We are finally at week one of American Idol (observed)! We have a top 13, we have a variety of ways to vote for our favorites, and it’s still February. This feels like heaven to me. Jennifer Lopez seems to think this whole thing is happening too fast, that the finalists are up onstage before they’ve had a chance to acclimate themselves to the process, and, you know, yeah. That’s part of the fun of this show. If people wanted to watch uniformly polished performances, MTV and VH1 would still have dedicated music-video blocks. We want an occasional train wreck. Bring this shit on, Idol.
The show begins with a montage of the top 13’s original auditions, with some of the weirdos mixed in, including the guy who we have since found out was arrested for jacking off in his ice-cream truck in front of children. We could leave that dude out, and let someone’s performance go on for two seconds longer, guys! Gross!
Tonight’s theme is This Is Me: The Idols get to pick any (preapproved or affordable) song in the American songbook that defines them as artists. To set the tone, Jen is wearing an outfit that says I Am Wendy and/or Lisa in the “When Doves Cry” Video.
So here’s how it all goes:
Dexter Roberts, “Aw Naw” by Chris Young
Dexter is a fairly interchangeable country guy, so it makes sense that he would choose an interchangeable country song from a currently successful interchangeable country guy. He doesn’t make much of an impression on me, and that might be the point; the country charts are littered with guys I can’t tell apart. Keith says he needs to turn it into a Dexter Roberts performance, rather than a karaoke version of a hit country song, but I don’t know whether that’s true. Chris Young is doing a karaoke version of Luke Bryan who’s doing a karaoke version of Kenny Chesney, and they’re all millionaires. The only other thing that stands out is that Dexter’s mother looks like a character Melanie Hutsell would be playing right now.
Malaya Watson, “Runaway Baby” by Bruno Mars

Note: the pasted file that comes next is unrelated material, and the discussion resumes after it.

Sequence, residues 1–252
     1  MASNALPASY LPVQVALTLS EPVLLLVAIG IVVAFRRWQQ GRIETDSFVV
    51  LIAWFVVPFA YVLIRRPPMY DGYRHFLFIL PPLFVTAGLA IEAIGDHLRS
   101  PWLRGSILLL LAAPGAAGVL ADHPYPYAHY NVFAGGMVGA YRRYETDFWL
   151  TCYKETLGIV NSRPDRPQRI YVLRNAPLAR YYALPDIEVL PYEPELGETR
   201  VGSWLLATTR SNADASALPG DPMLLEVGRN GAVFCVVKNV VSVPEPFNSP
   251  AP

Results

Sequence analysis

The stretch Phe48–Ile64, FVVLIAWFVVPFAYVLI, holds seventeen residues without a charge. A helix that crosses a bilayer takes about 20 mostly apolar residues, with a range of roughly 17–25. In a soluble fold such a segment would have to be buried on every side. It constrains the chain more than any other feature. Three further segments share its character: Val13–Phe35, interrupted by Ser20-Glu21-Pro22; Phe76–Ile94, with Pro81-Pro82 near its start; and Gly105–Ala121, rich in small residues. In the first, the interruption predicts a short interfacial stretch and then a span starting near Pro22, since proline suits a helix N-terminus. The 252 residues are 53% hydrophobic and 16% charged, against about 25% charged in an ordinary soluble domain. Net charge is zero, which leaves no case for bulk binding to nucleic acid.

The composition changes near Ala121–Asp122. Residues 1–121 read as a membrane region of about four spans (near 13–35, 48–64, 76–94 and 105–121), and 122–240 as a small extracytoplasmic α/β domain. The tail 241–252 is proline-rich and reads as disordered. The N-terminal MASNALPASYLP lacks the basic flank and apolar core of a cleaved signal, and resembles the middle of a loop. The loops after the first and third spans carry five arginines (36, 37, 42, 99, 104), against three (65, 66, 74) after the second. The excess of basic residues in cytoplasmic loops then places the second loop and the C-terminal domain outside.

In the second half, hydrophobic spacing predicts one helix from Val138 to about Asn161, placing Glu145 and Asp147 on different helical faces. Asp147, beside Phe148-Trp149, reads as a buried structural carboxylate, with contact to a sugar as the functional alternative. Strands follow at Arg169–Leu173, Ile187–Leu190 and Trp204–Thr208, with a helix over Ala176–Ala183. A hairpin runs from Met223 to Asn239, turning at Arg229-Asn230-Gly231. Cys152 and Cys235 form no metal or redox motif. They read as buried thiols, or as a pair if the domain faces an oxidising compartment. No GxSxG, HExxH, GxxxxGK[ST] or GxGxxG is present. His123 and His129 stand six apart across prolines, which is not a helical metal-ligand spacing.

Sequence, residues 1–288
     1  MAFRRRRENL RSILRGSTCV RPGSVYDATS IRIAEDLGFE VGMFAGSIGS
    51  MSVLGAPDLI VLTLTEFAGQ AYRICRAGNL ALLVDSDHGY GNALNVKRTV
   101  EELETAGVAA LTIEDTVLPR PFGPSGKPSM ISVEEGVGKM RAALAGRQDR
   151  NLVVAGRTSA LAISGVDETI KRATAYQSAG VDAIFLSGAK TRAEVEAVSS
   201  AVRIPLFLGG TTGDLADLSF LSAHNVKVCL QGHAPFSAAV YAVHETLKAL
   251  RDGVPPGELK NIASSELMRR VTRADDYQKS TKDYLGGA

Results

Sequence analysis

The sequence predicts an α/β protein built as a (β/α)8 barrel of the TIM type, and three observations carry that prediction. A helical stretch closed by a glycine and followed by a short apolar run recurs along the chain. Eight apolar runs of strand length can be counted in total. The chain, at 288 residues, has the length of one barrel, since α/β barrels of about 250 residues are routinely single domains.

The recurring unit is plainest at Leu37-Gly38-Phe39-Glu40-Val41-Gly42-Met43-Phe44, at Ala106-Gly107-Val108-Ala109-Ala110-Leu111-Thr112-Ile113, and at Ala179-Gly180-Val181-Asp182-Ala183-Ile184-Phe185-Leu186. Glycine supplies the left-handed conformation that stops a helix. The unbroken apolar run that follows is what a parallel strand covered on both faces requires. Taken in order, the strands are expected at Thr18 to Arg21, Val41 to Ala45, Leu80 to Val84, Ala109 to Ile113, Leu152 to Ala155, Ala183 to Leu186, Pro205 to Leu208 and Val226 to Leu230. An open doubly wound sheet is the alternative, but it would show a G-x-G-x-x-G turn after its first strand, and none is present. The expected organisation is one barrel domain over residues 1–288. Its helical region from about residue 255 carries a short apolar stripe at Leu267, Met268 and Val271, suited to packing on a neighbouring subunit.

One of the running gags of tonight’s show is that the producers surprise each Idol and try to get them to say five things about themselves in 20 seconds. It won’t surprise you to learn that Malaya is one of the only ones who manages it with time to spare. Oh, this girl’s a firecracker. And you know that saying “the best music in all of history came out when you were 13”? “Runaway Baby” came out when Malaya was 13. So, two things: (1) the rest of us are a billion years old, and (2) it makes sense that she’s as attached to this song as she is. But it’s not a great fit for her voice; she’s sharp all over the place and her braces prevent her from enunciating the way she needs to. The judges all give her actual guidance — things like “sing in tune” and “don’t be nervous,” because they know what’s up: She’ll be here for a while. And really, we should be amazed she can do any of this, because look at her mother’s rhythm.
Kristin O’Connor, “Beautiful Disaster” by Kelly Clarkson
I wish I liked her more. But as with everything she’s done so far, her performance feels like the talent competition in a pageant. Also, she says she’s making the song about herself, and when Harry presses her for what she means by that, she says “I came in on the wild card and I have a lot to prove.” Oh, she seems nice, but she’s just too reserved to make a real impression. More than any other finalist, I want her to cut totally loose, like Olivia Newton-John at the end of Grease.
Ben Briley, “Folsom Prison Blues” by Johnny Cash
I am as surprised as anyone by what I am about to say: Ben Briley is my season 13 crush. Sure, he looks like someone who’d pick a fight with your dad at a barbecue, but there is soul behind those lovely eyes, and a surprisingly versatile voice to boot. He kind of Adam Lamberts this song up a bit, and succeeds in making a very (very, very) familiar song his own. Keith warns him against becoming kitsch, and when I think about it, Ben really does make this prison song oddly cheery. Whatever, I’ll take it. Harry calls it the best of the night.
CJ Harris, “Radio” by Darius Rucker
Okay, singing the big song by the other black guy in country is kind of a sucker move, especially when it’s as shallow as this one. Coming in as a wild card, CJ needs to remind viewers that his voice has ache. Plus, he doesn’t have the bass that this song needs. But he’s still incredibly charming, and no matter where they all land, this season is going to launch at least three huge country stars. Harry agrees that it’s a weak song choice, and people boo him, but he is right.
MK Nobillette, “Satisfaction” by Allen Stone